from haystack import component

@component
class SQLQuery:

    def __init__(self, sql_database: str):
      self.connection = sqlite3.connect(sql_database, check_same_thread=False)

    @component.output_types(results=List[str], queries=List[str])
    def run(self, queries: List[str]):
        results = []
        for query in queries:
          result = pd.read_sql(query, self.connection)
          results.append(f"{result}")
        return {"results": results, "queries": queries}

Now I have an SQLQuery component, I can initialize it with sql_query = SQLQuery('absenteeism.db).

To test it, I can run the following SQL query with this component:

result = sql_query.run(queries=['SELECT Age, SUM(Absenteeism_time_in_hours) as Total_Absenteeism_Hours FROM absenteeism WHERE Disciplinary_failure = 0 GROUP BY Age ORDER BY Total_Absenteeism_Hours DESC LIMIT 3;'])
print(result["results"][0])

Resulting in:

   Age  Total_Absenteeism_Hours
0   28                      651
1   33                      538
2   38                      482

Build the SQL Query Pipeline

Now that we have a component that can ingest SQL queries and query our desired database, let’s add it as a step in a full AI application. We will build a Haystack pipeline that:

  • Uses a prompt that instructs an LLM (as an example here, we’re using GPT-4, if you want to stick to this one you’ll have to provide your API key as the OPENAI_API_KEY environment variable) to generate a SQL query based on the columns present in our database and the natural language question that we provide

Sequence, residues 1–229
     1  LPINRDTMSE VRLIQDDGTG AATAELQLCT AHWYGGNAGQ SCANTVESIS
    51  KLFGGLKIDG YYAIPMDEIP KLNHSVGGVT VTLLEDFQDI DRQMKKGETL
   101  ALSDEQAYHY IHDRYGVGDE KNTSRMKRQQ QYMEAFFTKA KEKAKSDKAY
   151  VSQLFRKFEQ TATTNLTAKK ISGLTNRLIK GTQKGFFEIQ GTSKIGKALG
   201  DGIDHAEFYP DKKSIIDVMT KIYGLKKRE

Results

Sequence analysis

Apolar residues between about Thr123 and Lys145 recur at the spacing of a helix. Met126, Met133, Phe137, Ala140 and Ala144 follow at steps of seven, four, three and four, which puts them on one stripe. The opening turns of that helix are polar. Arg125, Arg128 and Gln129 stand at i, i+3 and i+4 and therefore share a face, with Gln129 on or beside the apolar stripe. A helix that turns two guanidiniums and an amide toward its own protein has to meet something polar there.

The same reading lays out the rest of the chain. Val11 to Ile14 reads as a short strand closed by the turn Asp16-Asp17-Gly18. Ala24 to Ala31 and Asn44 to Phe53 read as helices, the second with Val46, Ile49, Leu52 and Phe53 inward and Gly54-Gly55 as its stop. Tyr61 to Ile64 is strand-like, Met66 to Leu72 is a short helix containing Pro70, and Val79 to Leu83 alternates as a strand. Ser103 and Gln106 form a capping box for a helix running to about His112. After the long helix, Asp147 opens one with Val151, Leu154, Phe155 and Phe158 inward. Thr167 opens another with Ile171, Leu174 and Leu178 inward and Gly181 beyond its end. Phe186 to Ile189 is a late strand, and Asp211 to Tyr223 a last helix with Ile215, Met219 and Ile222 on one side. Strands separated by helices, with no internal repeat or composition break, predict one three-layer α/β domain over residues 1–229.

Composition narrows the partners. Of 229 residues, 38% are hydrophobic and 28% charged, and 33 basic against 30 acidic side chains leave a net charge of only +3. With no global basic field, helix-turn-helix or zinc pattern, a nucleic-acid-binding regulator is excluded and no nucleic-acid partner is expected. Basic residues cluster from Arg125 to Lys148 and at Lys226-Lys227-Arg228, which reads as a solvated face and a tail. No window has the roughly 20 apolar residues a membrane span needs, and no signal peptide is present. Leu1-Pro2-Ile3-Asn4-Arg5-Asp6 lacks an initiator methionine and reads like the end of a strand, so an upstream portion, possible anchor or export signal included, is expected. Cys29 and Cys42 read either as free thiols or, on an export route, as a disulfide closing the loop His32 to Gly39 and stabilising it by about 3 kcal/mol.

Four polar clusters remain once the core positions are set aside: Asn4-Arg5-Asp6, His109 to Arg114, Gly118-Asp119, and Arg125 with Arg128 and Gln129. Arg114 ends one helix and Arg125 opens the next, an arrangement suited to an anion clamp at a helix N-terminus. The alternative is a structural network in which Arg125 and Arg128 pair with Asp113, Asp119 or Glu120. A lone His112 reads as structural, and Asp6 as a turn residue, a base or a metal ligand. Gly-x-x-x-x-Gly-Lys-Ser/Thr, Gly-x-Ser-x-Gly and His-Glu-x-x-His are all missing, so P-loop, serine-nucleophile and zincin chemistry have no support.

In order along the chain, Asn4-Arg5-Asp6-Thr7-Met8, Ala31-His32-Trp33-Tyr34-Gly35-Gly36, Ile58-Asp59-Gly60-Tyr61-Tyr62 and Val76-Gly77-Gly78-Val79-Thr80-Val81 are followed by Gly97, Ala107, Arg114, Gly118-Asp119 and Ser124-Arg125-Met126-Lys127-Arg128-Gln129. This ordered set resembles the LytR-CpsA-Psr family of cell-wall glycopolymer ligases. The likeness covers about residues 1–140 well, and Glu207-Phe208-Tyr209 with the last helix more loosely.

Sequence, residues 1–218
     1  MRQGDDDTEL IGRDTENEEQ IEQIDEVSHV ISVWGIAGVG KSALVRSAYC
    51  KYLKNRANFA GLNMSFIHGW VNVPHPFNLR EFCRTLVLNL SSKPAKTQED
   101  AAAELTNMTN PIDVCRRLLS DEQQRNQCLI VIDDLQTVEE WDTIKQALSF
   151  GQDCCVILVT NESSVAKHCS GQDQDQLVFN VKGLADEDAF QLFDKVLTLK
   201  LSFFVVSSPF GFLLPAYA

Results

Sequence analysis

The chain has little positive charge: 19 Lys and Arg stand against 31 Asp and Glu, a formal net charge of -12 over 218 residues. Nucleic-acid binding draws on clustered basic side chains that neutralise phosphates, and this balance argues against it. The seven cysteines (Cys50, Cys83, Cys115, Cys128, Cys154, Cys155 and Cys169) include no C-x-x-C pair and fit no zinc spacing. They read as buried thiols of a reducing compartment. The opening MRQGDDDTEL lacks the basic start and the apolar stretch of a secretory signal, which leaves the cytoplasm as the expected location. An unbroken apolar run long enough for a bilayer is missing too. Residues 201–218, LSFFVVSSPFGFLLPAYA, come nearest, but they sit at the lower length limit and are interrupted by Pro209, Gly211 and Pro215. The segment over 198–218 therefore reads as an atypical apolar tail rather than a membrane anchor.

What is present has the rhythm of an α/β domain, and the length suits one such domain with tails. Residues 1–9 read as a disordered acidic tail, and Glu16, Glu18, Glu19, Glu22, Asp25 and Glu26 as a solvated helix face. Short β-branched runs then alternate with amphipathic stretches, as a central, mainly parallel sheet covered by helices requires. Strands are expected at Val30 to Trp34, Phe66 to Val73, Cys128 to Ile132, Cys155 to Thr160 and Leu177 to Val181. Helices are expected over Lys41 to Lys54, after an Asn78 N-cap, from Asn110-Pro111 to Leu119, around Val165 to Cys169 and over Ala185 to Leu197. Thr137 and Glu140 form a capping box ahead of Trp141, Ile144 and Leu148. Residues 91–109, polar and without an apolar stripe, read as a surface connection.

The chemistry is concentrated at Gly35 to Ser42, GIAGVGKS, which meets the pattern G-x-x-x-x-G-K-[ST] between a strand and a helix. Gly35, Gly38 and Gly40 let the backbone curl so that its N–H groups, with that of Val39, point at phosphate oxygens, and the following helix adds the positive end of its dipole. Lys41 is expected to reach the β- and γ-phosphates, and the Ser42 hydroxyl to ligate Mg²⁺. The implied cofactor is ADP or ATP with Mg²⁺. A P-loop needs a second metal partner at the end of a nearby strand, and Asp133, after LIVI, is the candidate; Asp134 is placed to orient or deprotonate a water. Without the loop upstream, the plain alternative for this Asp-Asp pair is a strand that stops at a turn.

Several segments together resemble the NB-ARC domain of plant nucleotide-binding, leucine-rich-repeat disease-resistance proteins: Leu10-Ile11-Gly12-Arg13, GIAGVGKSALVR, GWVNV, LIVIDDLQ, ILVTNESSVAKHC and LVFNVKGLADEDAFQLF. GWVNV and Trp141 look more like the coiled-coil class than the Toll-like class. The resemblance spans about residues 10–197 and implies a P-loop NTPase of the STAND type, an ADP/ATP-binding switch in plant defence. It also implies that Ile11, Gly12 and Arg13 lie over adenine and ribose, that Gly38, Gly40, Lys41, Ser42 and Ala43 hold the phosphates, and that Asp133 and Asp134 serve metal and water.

• Forwards the generated SQL query to our newly creates SQLQuery component
from haystack import Pipeline
from haystack.components.builders import PromptBuilder
from haystack.components.generators.openai import OpenAIGenerator

prompt = PromptBuilder(template="""Please generate an SQL query. The query should answer the following Question: {{question}};
            The query is to be answered for the table is called 'absenteeism' with the following
            Columns: {{columns}};
            Answer:""")
            
sql_query = SQLQuery('absenteeism.db')
llm = OpenAIGenerator(model="gpt-4")

sql_pipeline = Pipeline()
sql_pipeline.add_component("prompt", prompt)
sql_pipeline.add_component("llm", llm)
sql_pipeline.add_component("sql_querier", sql_query)

sql_pipeline.connect("prompt", "llm")
sql_pipeline.connect("llm.replies", "sql_querier.queries")

The resulting sql_pipeline looks like this (produces with sql_pipeline.show() in the cookbook) 👇

Simple Pipeline

Let’s try running it, and here’s what we get 👇

result = sql_pipeline.run({"prompt": {"question": "On which days of the week does the average absenteeism time exceed 4 hours?",
                            "columns": columns}})

print(result["sql_querier"]["results"][0])
#   Day_of_the_week
#0                2
#1                3
#2                4
#3                5
#4                6

Part 2: Skip Unrelated Questions with Conditional Routing

Next, let’s add a simple improvement. What if the provided question is unrelated? It’s better if we skip it, rather than querying the database with a SQL query that’s going to result in an error.

For this step, I used the [ConditionalRouter](https://docs.haystack.deepset.ai/docs/conditionalrouter) that comes with Haystack 2.0.

To start with, let’s have an LLM reply with no_answer if the provided question cannot be answered with the SQL table we have:

from haystack.components.builders import PromptBuilder
from haystack.components.generators.openai import OpenAIGenerator